What CSI can teach students about DNA sequencing

When CSI: Crime Scene Investigation first premiered in 2000 on CBS, it was an immediate smash hit. In the years since it has been named the most watched show in the world five times with a worldwide audience of 73.8 million viewers.


Fans love the show’s mix of drama, mystery, and dark humor, which prompted CBS to create three different spinoffs, all of which have been hugely successful. And in March of this year they broke the world record for the “Largest Ever TV Drama Simulcast” when 171 countries watched a worldwide broadcast of the show.

In many CSI episodes the investigators are on the hunt for DNA evidence left at the crime scene that they could match with a potential suspect. Of course, because it’s a TV show, many creative liberties are taken that aren’t exactly true to real life criminal investigations or DNA science.

As a result, prosecutors and criminal defense attorneys alike have seen a growing phenomenon they’ve named the  “CSI effect.” In particular, jurors now expect forensic evidence to be presented in trials, even though it is relatively scarce in most crime scenes. Second, jurors place unwarranted levels in both forensic evidence and the experts that testify about it in criminal trials. And thirdly, forensic scientist Thomas Mauriello argues that as much as 40 percent of the science depicted in CSI is nonexistent.

The truth is DNA analysis was not accurate enough to identify a suspect until the 1980s, when Tommie Lee Andrews was convicted in 1987 due to DNA evidence at the crime scene. Today the science has advanced to the point that there is a one in more than a quadrillion chance of a random match of two people’s DNA.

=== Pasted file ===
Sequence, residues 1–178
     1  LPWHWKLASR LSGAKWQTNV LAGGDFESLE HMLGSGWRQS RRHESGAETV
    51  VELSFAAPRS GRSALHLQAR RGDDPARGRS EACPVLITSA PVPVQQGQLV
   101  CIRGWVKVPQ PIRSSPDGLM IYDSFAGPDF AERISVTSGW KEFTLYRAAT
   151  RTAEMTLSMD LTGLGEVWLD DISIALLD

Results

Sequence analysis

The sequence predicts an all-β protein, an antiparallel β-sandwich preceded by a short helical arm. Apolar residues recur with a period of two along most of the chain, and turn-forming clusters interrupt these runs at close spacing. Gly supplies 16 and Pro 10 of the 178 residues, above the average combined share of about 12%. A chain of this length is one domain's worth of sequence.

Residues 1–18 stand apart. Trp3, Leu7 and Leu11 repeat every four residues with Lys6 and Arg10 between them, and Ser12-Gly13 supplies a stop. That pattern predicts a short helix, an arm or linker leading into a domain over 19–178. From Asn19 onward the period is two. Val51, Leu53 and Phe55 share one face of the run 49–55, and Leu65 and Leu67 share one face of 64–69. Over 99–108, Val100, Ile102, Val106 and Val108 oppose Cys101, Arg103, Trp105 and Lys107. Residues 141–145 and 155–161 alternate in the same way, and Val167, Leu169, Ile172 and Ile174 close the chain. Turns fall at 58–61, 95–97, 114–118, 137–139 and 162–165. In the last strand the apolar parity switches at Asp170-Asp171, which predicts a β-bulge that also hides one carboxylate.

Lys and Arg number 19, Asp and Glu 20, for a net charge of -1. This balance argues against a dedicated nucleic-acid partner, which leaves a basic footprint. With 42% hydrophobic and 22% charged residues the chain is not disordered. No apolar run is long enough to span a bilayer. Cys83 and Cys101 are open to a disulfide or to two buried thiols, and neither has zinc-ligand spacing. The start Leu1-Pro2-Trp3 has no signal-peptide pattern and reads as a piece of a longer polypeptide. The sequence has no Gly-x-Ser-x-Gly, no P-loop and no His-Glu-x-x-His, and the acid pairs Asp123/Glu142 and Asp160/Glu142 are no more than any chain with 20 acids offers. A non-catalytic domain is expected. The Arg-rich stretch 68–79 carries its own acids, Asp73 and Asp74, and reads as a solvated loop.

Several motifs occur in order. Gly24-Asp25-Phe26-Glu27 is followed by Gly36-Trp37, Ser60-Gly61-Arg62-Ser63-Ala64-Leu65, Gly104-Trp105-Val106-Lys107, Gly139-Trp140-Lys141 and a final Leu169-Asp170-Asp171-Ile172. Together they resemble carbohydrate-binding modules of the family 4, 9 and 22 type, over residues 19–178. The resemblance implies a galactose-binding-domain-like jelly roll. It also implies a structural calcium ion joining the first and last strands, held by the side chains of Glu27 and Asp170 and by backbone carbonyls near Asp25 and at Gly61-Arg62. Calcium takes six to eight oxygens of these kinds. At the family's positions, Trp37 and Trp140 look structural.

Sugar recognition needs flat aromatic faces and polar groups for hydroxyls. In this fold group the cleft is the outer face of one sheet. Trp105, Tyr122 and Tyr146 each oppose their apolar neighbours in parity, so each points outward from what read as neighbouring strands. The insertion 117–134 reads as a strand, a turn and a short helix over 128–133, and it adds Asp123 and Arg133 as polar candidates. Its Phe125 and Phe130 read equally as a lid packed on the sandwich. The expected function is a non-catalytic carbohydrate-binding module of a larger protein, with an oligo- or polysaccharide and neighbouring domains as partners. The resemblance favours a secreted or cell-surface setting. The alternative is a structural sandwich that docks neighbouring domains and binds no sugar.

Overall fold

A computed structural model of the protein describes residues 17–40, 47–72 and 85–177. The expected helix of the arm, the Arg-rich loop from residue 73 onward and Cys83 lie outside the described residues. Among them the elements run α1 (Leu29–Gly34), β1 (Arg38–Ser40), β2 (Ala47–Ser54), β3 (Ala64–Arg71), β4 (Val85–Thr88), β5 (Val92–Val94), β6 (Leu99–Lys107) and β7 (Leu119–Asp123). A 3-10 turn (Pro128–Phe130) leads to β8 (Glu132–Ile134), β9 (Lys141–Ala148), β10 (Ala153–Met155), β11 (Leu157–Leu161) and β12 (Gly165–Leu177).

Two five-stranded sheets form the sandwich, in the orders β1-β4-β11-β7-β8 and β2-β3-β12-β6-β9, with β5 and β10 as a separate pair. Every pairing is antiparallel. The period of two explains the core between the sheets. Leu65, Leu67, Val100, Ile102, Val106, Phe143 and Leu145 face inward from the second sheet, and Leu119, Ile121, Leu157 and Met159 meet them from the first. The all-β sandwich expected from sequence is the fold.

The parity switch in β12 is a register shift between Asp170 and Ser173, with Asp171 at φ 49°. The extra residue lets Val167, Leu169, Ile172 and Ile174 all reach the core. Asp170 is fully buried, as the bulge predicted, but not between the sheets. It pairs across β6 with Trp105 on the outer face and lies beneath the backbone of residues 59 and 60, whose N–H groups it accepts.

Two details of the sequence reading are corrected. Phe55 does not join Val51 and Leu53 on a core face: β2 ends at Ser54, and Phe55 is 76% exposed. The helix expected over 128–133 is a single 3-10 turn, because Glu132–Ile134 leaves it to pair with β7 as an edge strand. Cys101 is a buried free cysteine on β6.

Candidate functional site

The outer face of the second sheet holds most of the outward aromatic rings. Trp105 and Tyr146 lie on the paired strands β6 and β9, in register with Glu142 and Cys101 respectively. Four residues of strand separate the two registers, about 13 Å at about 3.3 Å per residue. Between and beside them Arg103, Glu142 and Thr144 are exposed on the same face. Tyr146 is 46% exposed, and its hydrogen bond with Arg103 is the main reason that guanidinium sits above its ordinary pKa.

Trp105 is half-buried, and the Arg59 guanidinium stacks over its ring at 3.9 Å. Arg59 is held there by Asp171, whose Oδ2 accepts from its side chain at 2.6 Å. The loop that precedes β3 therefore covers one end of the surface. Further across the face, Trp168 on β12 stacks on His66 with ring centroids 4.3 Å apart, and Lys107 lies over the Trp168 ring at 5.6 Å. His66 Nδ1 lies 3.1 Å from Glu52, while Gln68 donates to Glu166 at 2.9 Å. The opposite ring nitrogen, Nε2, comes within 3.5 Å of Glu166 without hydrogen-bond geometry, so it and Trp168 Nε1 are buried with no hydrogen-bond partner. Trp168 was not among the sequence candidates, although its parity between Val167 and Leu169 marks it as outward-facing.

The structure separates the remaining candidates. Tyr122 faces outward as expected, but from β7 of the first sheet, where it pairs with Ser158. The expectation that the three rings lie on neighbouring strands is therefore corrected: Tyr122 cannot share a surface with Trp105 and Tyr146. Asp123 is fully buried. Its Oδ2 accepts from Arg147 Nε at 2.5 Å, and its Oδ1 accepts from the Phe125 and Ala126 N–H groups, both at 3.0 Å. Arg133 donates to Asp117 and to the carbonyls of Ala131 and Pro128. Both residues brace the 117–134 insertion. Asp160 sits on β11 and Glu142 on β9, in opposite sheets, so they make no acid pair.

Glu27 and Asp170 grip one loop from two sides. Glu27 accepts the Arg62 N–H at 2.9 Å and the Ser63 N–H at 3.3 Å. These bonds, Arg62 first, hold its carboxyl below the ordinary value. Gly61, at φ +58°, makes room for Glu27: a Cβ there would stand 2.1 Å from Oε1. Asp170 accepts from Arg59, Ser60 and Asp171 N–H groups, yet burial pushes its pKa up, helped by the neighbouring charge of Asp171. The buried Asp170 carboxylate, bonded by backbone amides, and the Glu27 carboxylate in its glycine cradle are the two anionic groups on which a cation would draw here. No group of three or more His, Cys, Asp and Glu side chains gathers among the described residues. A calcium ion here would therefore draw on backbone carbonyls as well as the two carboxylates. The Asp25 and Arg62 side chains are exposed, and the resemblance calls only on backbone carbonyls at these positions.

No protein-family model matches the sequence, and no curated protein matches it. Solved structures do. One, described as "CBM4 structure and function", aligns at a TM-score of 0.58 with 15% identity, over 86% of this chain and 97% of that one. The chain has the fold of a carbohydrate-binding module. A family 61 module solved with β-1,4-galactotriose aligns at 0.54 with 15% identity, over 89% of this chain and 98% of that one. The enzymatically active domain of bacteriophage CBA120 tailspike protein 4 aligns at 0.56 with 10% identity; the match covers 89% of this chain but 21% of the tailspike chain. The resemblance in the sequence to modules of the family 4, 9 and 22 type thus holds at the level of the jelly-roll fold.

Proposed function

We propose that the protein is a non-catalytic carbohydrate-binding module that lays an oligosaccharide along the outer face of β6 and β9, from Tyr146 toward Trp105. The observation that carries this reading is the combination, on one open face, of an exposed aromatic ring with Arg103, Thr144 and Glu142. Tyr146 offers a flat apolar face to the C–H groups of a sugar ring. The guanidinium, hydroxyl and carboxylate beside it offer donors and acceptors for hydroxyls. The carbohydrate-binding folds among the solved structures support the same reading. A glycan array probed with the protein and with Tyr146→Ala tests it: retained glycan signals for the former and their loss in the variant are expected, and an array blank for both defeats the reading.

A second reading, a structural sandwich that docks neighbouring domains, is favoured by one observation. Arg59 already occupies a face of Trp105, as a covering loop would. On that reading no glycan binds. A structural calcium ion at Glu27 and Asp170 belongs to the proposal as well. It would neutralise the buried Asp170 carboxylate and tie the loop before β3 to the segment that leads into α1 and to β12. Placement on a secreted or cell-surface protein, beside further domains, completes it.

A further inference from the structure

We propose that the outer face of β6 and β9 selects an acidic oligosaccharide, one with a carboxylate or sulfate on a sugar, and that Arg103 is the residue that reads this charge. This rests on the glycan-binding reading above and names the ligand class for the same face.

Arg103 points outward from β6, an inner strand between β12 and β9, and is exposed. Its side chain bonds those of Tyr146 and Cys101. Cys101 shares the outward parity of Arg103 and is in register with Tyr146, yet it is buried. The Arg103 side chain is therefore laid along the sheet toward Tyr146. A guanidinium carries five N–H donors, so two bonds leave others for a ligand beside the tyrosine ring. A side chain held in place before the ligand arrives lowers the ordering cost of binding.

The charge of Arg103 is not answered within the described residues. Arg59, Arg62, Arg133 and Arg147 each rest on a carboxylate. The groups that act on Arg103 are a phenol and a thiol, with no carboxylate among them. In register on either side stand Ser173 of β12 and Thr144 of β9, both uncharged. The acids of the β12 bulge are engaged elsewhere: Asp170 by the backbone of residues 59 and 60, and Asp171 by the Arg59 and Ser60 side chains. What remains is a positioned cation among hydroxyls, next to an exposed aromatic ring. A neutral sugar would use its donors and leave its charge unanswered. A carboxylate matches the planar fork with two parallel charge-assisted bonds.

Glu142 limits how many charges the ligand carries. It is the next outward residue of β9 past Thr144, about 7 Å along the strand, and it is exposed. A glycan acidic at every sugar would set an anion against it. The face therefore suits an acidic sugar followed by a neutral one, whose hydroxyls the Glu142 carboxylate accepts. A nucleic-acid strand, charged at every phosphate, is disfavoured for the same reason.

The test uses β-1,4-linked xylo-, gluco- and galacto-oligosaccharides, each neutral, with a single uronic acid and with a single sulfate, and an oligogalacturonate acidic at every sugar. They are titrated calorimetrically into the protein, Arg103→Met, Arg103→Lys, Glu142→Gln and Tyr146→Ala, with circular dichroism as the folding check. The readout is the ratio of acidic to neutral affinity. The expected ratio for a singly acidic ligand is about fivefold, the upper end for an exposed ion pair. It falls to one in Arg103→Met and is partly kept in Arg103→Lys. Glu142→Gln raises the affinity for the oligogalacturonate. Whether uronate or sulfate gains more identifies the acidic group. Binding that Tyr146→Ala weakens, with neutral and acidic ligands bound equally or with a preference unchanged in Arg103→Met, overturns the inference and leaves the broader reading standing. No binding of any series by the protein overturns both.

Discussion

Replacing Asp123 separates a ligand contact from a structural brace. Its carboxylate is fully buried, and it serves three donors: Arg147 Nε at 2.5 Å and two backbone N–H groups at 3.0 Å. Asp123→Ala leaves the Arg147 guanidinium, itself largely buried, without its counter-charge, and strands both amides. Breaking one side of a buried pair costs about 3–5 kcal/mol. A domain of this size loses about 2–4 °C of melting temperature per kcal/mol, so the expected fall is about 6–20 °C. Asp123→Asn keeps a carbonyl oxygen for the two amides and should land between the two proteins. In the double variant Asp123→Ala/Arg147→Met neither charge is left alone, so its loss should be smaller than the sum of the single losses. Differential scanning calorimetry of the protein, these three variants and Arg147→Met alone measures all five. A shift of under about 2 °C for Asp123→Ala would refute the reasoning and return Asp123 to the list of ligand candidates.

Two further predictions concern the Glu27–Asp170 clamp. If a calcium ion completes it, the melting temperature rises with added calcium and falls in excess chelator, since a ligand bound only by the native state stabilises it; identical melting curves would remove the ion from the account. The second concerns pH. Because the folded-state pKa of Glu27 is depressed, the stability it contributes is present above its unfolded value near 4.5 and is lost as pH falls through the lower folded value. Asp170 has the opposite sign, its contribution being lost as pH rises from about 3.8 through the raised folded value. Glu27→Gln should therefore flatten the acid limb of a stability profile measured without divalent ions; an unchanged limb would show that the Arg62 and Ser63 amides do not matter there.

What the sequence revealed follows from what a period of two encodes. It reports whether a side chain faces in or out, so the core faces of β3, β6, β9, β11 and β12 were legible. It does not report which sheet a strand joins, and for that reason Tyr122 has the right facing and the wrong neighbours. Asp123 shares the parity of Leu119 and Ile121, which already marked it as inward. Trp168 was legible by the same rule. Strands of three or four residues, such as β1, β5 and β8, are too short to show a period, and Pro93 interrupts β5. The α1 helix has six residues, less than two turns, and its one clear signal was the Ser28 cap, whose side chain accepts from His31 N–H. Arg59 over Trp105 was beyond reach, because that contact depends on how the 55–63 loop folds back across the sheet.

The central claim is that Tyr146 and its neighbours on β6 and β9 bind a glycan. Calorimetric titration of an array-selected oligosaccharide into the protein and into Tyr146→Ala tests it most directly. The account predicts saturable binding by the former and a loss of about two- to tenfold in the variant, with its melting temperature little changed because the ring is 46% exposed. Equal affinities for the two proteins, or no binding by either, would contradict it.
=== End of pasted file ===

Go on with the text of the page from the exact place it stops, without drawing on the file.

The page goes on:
That is where Labster’s CSI Lab comes in, helping to teach students DNA sequencing in an engaging and entertaining way that stays true to the science.

The lab begins just like the hit show, with the investigation of a murder scene. After collecting blood samples, the students go to a forensics lab to perform DNA analysis of their evidence, in hopes that the suspect’s DNA matches the collected perpetrator’s DNA.

But the lab isn’t all fun and games. It was created in collaboration with Dr. Mette Voldby Larsen, a professor at the Institute of System Biology at Denmark’s Technical University. Students explore the scientific principles behind Polymerase Chain Reactions and Gel Electrophoresis when sorting through their DNA samples in the virtual laboratory simulation. Upon completing the lab, students have a thorough understanding about DNA profiling and Small Tandem Repeats. Additionally, there is a quiz and a Labster Learning Wiki to deepen one’s understanding of the subject.

By combining the entertainment value of a show like CSI with a quality learning experience of a virtual laboratory, Labster is able to engage students in an innovative way. With nearly half of STEM university students dropping their major after their first year of studies, virtual labs like Labster’s CSI lab can go a long way in keeping more students interested and excited about the life sciences.

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